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“Disappearance At Clifton Hill” Is A Noir Drenched In A Menacing Mood

A sense of dread permeates every frame of Disappearance at Clifton Hill, a noir type tale that evokes an hypnotic mood from start to finish. Now, this isn’t your traditional film noir, trafficking in cliches and men gritting their teeth. No, this has a female centric true north, making the investigator/protagonist a woman, and it pays dividends. Whenever you can upend a genre, even in a small way, it matters. Plus, when you have a high quality lead performance to latch on to, that helps as well. Hitting theaters this weekend, the movie is an independent effort that has large ambitions. To its credit, they mostly pay off.

The film is a mystery/thriller, though largely content to be a character based drama with ominous moments. After an intense prologue, we move to the present day. Returning to her Niagara Falls hometown after the death of her mother, Abby (Tuppence Middleton) arrives to town stuck in, and ignoring, the past. In short order, she becomes obsessed with a memory she has from her childhood, the same moment we see at the outset. She believes she witnessed a kidnapping, one that’s become notorious in the town, even inspiring a podcast hosted by a unique figure in Walter (David Cronenberg). Coming home also reunites Abby with Laure (Hannah Gross), her estranged younger sister. They have a number of issues to deal with, though Abby’s state of mind does that no favors. As they attempt to amicably settle their late mother’s estate, and in particular the sale of the family motel, which Abby wants to save, things weigh heavily on her. As she tries to figure out exactly what happened in her past, she winds up stumbling on to something potentially much larger and more dangerous. Albert Shin co-writes with James Schultz and directs. Supporting cast members include Marie-Josée Croze, Eric Johnson, David Lett, Andy McQueen, Aaron Pooel, Mikayla Radan, Noah Reid, and more. Alex Sowinski and Leland Whitty compose the score, while Catherine Lutes handles the cinematography.

What sets this flick apart is how quietly menacing it all feels. Between the mood that Albert Shin establishes and the quietly haunting performance by Tuppence Middleton, whether the central mystery engages you or not is almost secondary. The environment is ominous and secretive. However, it may just be the desperate nature of a struggling community. Shin leans into that quite well, while Middleton is intensely compelling, no matter what she’s doing. In many ways, this feels like a novel come to life, and while that may make it sound insular, the visuals, while never flashy, keep you consistently invested.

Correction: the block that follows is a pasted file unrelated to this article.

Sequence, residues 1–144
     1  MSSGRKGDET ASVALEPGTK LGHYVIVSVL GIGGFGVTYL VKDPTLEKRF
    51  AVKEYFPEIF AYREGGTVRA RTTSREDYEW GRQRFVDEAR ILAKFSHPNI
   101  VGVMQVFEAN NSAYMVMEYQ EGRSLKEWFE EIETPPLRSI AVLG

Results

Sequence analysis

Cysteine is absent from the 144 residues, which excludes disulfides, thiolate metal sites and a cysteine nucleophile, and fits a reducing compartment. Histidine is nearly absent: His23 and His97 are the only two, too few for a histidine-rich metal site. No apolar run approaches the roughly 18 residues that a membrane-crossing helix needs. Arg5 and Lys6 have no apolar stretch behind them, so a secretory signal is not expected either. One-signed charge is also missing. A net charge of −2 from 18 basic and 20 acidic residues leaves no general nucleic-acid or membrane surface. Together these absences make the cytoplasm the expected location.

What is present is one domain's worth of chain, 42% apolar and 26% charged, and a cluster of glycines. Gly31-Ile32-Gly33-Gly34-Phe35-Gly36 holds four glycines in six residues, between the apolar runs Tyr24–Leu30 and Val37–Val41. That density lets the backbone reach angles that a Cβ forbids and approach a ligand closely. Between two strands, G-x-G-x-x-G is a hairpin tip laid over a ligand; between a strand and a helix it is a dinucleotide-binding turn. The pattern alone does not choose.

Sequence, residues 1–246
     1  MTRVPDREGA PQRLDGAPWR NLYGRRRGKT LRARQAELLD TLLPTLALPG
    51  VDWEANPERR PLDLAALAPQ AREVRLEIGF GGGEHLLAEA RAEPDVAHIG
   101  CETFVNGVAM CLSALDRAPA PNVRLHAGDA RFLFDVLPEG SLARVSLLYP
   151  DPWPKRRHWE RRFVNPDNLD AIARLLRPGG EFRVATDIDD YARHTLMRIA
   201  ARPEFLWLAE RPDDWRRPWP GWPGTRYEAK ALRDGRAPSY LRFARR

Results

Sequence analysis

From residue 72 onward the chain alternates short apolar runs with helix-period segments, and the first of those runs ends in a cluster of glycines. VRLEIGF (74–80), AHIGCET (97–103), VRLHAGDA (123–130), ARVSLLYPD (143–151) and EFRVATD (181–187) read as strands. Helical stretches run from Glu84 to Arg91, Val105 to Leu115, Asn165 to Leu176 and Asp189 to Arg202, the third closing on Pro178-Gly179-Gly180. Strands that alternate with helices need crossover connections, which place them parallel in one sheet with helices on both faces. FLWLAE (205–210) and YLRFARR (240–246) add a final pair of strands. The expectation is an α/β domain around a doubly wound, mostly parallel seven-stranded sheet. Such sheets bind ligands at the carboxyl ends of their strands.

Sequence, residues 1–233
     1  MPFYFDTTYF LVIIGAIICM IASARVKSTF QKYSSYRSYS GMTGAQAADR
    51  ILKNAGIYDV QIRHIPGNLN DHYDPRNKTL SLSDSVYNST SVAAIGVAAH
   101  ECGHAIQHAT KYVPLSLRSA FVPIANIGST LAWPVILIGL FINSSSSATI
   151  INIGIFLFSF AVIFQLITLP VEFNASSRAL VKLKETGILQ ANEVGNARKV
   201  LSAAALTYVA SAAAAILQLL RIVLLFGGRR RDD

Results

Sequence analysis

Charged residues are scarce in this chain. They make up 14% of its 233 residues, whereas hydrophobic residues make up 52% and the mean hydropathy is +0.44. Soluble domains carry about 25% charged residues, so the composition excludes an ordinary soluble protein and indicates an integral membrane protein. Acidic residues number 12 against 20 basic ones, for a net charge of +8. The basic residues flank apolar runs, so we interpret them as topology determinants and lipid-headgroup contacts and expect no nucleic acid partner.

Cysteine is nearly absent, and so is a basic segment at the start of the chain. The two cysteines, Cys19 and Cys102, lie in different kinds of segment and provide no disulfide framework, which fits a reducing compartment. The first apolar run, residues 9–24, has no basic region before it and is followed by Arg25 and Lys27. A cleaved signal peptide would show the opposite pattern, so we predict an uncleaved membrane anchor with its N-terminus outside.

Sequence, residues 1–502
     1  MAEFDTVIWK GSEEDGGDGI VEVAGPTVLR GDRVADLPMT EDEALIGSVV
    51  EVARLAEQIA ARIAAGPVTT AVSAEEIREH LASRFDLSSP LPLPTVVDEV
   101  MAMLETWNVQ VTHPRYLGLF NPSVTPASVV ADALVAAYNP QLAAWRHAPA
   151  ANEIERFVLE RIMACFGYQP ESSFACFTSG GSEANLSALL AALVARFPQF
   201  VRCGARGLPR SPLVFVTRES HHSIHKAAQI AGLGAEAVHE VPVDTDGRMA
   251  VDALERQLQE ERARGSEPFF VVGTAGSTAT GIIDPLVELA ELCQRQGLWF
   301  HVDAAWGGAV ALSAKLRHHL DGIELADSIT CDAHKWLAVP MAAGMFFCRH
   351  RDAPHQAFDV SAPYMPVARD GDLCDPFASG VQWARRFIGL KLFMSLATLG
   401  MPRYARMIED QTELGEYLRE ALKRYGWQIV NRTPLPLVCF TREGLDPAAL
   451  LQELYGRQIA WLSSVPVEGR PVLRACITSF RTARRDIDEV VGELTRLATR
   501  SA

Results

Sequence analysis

Disappearance at Clifton Hill has a pulpy feel, but never becomes a B movie. It’s genre fare, to be sure, but Shin and company never succumb to simple tropes. They’re smarter and more deliberate than that. If there’s an issue to be found, it’s that the pacing, as can be the case in noir-type tales, is on the lax side. At a shade over 100 minutes long, it takes its time, sometimes to its detriment. It’s a small issue, but considering how effectively it ropes you in at the start, it’s hard not to wish that Shin had gotten a brighter grip on his pace.

Starting today, noir fans can see an intriguing little indie when Disappearance at Clifton Hill opens up. Between the noir trappings and Middleton’s compelling work, there’s plenty to like here. If we see Shin directing a big budget mystery in the coming years, that should surprise no one. He’s got the goods. Patient viewers should give this one a look.

Be sure to check out Disappearance at Clifton Hill, in theaters and On Demand now!

(Photos courtesy of IFC Midnight)

About Joey Magidson

A graduate of Stony Brook University (where he studied Cinema and Cultural Studies), resides in Brooklyn, New York. He contributes to several other film-related websites and is a member of the Broadcast Film Critics Association.

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